Tomb Raider: The Last Revelation Review

By: John Doe

Lara returns once again to the console that made her a star. Banking on the "everyone loves Lara Croft" school of thinking, Core has once again rushed out another installment a scant 12 months after her last adventure and 24 months since her one before that. Although gamers are generally impatient, it isn't great when you wait a long time for a sequel like Resident Evil (although that series is starting to get flogged too, don't kid yourself) or Super Mario and you find it was well worth the wait because the game is amazing? I love those kind of games too. However, it's impossible to do anything exciting and new in the development times Core sets for themselves. Don't believe me? Play The Last Revelation and you'll know I speak the truth. This game is for super die hard fans only, and sadly I'm no longer one of them.


Lara Croft is an easy target for reviewers. We scoff at tired ideas rehashed only for the cash grab and I defy anyone to say that four games in four years isn't one. The Last Revelation is essentially the same game with a few new moves thrown in to give the appearance of fresh and exciting. In fact the new moves like swinging are so frustrating in a 3D environment thanks to horrific camera angles that the game would have been infinitely better without it. Go figure.

At the start of this game, you'll play as a young Lara Croft in a level that defies all of the laws of common sense. Basically it is a long and drawn out practice level, that is not skippable; you have no choice but to finish this mundane exercise so that you can finally begin the "real" adventure in Egypt. In earlier games you could visit Lara's mansion and practice her moves around her home, which worked wonderfully for novices. To force TR veterans to play through this level is ridiculous. The only thing you will gain from this level is that the swinging sucks and the scorpions are really f'n annoying but you would have found that out later anyway. Swinging, alligators, scorpions...Pitfall anyone?

The PlayStation version of The Last Revelation, although not as pretty as the PC or Dreamcast, is certainly the nicest looking TR so far on the aging PSX. Lara veterans comfortable with the control setup will be right at home with the game, even with the new moves.

If you like TR for the puzzles, then you'll love this one. Yes, those "find the switch, open the door, move the block, watch out for the spikes" puzzles are back and as numerous and as controller biting frustrating as before. I'm beginning to the think that the 3D camera is really just another aspect to the puzzles because it's a bitch to set up the right angles for jumps, especially to those ropes! Once you get on the ropes, just try jumping off at the right time. Can't do it, can you?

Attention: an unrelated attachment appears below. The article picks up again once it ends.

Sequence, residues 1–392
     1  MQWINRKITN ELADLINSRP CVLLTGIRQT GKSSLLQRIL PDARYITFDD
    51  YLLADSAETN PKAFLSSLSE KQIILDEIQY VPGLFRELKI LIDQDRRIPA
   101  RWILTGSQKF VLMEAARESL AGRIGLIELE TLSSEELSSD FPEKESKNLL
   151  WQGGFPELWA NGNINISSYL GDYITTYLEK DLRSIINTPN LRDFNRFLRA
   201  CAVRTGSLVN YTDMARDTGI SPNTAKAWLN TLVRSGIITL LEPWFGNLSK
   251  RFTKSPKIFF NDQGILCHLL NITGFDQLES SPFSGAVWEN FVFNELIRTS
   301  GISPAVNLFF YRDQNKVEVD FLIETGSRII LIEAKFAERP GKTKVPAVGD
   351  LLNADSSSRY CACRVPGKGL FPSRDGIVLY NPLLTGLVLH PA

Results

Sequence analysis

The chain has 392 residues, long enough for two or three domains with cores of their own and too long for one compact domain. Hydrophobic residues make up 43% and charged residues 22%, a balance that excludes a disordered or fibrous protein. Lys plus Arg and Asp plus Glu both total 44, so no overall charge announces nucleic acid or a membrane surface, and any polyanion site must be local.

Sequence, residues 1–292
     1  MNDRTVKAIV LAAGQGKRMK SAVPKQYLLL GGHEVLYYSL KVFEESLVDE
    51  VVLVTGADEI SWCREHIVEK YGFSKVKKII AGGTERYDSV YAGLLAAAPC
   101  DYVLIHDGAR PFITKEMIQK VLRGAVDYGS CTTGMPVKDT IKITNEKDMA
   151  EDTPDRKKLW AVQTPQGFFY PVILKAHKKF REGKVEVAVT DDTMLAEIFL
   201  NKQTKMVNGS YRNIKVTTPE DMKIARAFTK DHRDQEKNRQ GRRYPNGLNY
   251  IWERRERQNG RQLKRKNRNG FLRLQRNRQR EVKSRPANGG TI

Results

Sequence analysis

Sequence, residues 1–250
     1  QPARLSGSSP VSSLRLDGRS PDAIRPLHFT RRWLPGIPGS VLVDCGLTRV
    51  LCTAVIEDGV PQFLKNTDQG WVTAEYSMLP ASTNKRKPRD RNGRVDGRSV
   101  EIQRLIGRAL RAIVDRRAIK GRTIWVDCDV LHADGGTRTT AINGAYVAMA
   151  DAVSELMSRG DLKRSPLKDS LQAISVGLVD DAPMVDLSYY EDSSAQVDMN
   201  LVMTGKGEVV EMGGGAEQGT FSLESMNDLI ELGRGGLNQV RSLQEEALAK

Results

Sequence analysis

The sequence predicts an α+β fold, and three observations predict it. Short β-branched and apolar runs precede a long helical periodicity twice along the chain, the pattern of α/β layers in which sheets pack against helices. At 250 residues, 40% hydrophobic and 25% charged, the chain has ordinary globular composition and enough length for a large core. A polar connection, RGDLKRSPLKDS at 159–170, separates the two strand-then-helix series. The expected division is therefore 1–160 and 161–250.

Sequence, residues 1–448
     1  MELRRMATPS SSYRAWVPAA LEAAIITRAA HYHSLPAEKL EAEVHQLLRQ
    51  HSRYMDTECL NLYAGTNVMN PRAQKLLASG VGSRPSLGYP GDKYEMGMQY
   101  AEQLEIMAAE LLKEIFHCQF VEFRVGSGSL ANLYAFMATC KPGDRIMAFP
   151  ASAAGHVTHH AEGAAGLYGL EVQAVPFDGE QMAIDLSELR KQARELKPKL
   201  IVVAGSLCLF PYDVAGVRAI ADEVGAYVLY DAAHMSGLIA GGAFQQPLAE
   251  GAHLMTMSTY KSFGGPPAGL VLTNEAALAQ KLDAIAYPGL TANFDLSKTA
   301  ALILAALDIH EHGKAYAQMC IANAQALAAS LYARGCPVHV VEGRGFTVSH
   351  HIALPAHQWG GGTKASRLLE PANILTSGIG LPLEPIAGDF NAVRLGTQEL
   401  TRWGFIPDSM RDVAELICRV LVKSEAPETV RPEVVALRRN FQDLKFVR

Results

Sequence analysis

The enemies are generally environment based this time, which means you'll be defending yourself against wolves, scorpions, rabid chipmunks etc. You still get a lot of mean fire power to dish out justice and you'll still need to find medipacks and those hidden delicious secrets that nobody gives a crap about anymore. Does the phrase "Been there, done that," come to mind?

The music is still scenario based, which means that when you are in danger the music kicks in to high gear and you get frightened for a few moments. That's the one aspect of the game that doesn't really need an overhaul. The voice acting is very good as well, although the evil ones are always a little over the top, aren't they?

Every Tomb Raider game has lost my interest halfway through the adventure and this one actually set a new record. I was bored right after the training level started and that continued on until the end, making this game a chore to play. That's never a good sign. On a high note, I enjoyed this game loads over Tomb Raider 3, but that's really not saying much. For my money, the Tomb Raider series peaked at #2, which is a damn fine game and should be played by absolutely everyone who calls themselves a gamer. As for this installment, take it or leave it. In a related note, it has come to our attention that TR5 is in the works for a fall release, probably to try and cash in on the new found popularity that the TR name will receive from the release of the movie. Ugghhh. It just doesn't stop, does it? With Eidos releasing such kick ass and innovative games lately - Omikron, Urban Chaos (PC Version), Fear Effect and Soul Reaver to name a few - it's time to tell Core Design and Lara Croft to take a well deserved vacation.






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